Biden historically has talked up unions and worker rights despite not doing much about it in his long political career. We should expect some small acts by the administration but there is little historical evidence that Biden intends to expend the political capital necessary to strengthen organized labor. The proposed PRO Act would accomplish this goal. Biden claimed support for the legislation on the campaign trail but moving on it as president will take more than writing support on a campaign website. Biden will have to overcome the GOP majority in the Senate which seems unlikely to want to pass legislation designed to help a traditionally important Democratic support structure.
Like Obama, Biden will probably do a good job supporting the NLRB as a low key but critical benefit for organized labor. The NLRB rules on labor violations and a Democratic majority is likely to swing the board to pro-employee from Trump’s Republican majority.
In September the House passed the Pregnant Workers Fairness Act which would require employers to make reasonable accommodations for pregnancy and childbirth similar to those required by the Americans with Disabilities Act. Much like the Paycheck Fairness Act, this may pass the GOP Senate. The U.S. Chamber of Commerce supports the bill which is telling of Republican support.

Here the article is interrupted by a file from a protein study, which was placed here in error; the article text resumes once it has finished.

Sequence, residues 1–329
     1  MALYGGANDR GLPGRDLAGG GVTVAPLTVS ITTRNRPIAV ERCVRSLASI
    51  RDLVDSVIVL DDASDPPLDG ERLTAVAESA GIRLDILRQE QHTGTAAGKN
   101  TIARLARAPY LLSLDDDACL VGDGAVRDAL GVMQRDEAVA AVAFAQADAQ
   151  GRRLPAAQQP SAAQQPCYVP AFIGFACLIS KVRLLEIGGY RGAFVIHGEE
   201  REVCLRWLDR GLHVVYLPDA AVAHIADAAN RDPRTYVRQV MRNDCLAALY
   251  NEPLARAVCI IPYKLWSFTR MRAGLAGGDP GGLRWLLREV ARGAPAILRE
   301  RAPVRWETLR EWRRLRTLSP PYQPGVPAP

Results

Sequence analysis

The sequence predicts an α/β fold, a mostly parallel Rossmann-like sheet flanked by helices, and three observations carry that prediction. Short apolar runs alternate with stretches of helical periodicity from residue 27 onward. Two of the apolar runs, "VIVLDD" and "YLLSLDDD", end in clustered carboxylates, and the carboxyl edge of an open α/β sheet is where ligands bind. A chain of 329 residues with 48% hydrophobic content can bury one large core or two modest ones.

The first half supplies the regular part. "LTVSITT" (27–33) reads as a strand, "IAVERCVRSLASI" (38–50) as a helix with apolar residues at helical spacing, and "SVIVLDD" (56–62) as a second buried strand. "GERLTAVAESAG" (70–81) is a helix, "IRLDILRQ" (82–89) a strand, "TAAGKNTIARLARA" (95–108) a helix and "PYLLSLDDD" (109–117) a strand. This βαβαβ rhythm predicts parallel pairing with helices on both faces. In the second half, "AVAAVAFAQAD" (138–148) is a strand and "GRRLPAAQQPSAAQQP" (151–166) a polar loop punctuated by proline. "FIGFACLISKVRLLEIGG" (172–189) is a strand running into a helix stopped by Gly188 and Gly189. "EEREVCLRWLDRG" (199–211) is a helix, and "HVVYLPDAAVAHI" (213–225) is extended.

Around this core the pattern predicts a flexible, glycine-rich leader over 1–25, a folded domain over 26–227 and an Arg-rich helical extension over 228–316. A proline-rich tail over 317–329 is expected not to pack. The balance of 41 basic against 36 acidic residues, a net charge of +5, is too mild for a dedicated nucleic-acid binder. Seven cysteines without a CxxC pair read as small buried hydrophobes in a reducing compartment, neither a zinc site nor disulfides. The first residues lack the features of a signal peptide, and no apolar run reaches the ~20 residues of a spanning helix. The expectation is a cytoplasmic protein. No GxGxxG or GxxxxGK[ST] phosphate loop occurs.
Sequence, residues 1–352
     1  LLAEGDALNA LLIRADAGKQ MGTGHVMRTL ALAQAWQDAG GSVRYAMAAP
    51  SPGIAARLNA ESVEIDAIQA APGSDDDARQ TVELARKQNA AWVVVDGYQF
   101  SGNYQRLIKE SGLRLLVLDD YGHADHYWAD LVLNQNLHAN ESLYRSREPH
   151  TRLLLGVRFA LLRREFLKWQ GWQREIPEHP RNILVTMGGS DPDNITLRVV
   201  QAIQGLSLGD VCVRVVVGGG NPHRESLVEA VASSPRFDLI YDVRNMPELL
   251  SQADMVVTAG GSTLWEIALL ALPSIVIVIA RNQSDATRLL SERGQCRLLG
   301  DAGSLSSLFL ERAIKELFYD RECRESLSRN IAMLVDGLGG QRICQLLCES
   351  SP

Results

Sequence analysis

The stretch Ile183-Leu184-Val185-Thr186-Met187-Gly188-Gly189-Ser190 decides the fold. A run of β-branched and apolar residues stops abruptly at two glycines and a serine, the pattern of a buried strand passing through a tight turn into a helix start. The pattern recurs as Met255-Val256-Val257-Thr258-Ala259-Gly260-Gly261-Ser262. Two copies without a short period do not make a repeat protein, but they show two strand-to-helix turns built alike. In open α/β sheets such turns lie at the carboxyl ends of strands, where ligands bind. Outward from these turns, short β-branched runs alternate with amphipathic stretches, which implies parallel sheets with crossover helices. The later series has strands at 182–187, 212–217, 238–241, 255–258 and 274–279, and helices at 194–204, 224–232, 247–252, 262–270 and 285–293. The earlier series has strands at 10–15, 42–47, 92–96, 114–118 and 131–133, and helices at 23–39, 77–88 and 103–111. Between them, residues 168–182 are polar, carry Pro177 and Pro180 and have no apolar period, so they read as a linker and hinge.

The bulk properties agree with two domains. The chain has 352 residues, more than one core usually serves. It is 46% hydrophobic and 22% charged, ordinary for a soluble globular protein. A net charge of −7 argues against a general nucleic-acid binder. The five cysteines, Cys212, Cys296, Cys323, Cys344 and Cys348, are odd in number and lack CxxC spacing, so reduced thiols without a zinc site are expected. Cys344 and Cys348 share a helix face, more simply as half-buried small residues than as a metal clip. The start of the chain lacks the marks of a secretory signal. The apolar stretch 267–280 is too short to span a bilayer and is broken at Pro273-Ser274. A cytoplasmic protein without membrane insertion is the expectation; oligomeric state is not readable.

As a long time ally of business interests, Biden is unlikely to do much to reverse the mostly bipartisan assault of worker rights over the past several decades. He is unlikely to spend the political capital to champion a reversal of Republican tax cuts or support any green initiatives that risk business interests that might in turn lose his newly found base of Republicans. With a looming economic collapse due to college and housing debt, Biden is unlikely to do much to help workers protect themselves from the inevitable waves of unemployment.
Similarly, Covid-19 will remain a substantial issue for the next year or more. Biden is less likely to support blind openness through rising infection rates, certainly not to the detriment of Democrat governors around the country, but never expressed any real desire to support worker bailouts seen in other developed nations. Democrats support shutting down businesses to slow growth but their anemic support for the affected workers has understandably disconnected them from working class support. Biden is likely to continue this approach having given no indication he feels differently.